first_imgThe teams took part in the launch of The Community Integrated Care Learning Disability Super League that took place at Stanley Park on the 25th and 26th May 2019.  Players from St. Helens LDRL  also had the amazing opportunity of playing on the pitch at Anfield during Half Time of the St. Helens vs Castleford First Team fixture.Saints Community Development Foundation are delighted to be a part of this pioneering inclusive sports programme for people with learning disabilities and autism. Gaining significant national attention since its announcement in February, and engaging hundreds of people in the sport, this world-first programme is a growing success.Supporters that attended the Dacia Magic Weekend had the opportunity to watch the inspiring action first-hand on both days of the event. With a special festival taking place on Stanley Park during the second game of each day, and the teams playing on the famous Anfield turf during the halftime break of the final games, the LDRL players were at the heart of the action.Learning Disability Super League gives people with learning disabilities and autism the opportunity to play an adapted version of Rugby League, The programme aims to promote the development of skills, confidence and positive experiences, and make a major statement about social inclusion. This world-first initiative is the first ever example of a professional sports league sharing its brand with a learning disability sports programme.The inclusive competition has been supported by 12 founder clubs, who have established or will be developing Learning Disability Rugby League teams: St Helens, Castleford Tigers, Huddersfield Giants, Hull KR, Leeds Rhinos, Newcastle Thunder, Salford Red Devils, Wakefield Trinity, Warrington Wolves, Widnes Vikings, Wigan Warriors and York City Knights.The Dacia Magic Weekend provided one of the biggest ever crowds for a learning disability sport event. Further fixtures are set to be announced this year! Stay tuned to our social media outlets for more information.Twitter – @communitysaintsInsta – @communitysaintsfacebook – Saints Community Development Foundationlast_img read more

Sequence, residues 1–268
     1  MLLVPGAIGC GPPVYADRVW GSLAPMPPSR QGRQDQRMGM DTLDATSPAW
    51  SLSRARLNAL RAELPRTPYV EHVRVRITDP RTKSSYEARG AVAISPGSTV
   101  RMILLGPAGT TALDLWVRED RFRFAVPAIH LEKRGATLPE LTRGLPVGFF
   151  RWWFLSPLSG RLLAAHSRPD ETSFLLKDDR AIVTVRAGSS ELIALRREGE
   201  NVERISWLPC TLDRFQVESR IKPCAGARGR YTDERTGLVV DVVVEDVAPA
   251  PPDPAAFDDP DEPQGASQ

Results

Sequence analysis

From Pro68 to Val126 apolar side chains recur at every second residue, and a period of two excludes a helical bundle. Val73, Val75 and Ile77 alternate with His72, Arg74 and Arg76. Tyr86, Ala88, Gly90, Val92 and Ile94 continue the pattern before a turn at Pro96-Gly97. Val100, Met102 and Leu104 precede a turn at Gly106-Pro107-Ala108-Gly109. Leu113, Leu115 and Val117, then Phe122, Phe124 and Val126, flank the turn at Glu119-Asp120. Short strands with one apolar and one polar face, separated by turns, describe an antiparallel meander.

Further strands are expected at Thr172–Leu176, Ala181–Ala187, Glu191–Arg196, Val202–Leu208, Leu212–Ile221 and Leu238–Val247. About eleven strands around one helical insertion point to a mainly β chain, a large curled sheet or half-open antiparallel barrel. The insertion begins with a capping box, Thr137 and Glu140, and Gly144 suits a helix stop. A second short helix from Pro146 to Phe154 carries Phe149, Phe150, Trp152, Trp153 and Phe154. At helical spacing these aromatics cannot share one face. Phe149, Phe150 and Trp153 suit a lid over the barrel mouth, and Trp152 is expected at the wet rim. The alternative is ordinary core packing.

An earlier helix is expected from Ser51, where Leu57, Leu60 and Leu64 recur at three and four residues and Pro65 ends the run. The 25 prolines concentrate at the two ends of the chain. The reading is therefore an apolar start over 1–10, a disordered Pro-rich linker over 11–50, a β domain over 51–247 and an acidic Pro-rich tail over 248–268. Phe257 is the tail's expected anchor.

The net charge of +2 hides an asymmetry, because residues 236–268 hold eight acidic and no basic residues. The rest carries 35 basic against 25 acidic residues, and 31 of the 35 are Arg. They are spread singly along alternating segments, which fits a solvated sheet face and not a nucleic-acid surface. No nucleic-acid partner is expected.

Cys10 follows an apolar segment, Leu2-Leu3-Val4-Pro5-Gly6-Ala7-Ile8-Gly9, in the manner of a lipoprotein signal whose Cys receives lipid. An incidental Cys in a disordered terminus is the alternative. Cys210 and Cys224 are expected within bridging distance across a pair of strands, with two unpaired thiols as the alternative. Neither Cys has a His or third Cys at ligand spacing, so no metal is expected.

first_img On July 4, 2016, Guerrette hid in a stall in the stall in the women’s restroom. He filmed two women while they were using the restroom. One of thewomen saw the Guerrette’s cell phone coming from underneath the neighboring stall and she tried to stop him.Guerrette ran off.Det. Sam Smith was given a description of the defendant and then spotted him.Related Article: Young woman ‘infatuated’ with Columbine is found deadAs Smith stopped Guerrette to investigate, he threw his cell phone down a construction hole. Officers were able to retrieve the phone and during a forensic examination of the phone, the videos from the bathroom were found.Connie Jordan, the prosecutor assigned to the case, said, “This type of behavior poses a danger to our community and leaves victims with feelings of intrusion and violation. When officers are not able to locate and seize the recordings, as they were able to in our case, victims rightfully fear their images being circulated on the internet. Thankfully, the images Mr. Guerrette captured have been seized and will be destroyed after he is released from prison.”Guerrette has been convicted of more than three prior felonies for breaking and entering and obtaining property by false pretenses, so he was sentenced as a habitual felon. Without habitual felon status, he would have been facing between 5 – 20 months in prison and the possibility of probation. With habitual felon status, Guerrette will serve a minimum of 26 months and a maximum of 44 months in prison. NEW HANOVER COUNTY, NC (WWAY) — The man accused of recording women using the public restrooms on the Carolina Beach boardwalk is going to prison.This week, Daniel Jay Guerrette, 30, pleaded guilty to secretly using a photographic device to capture images of two women.- Advertisement – last_img read more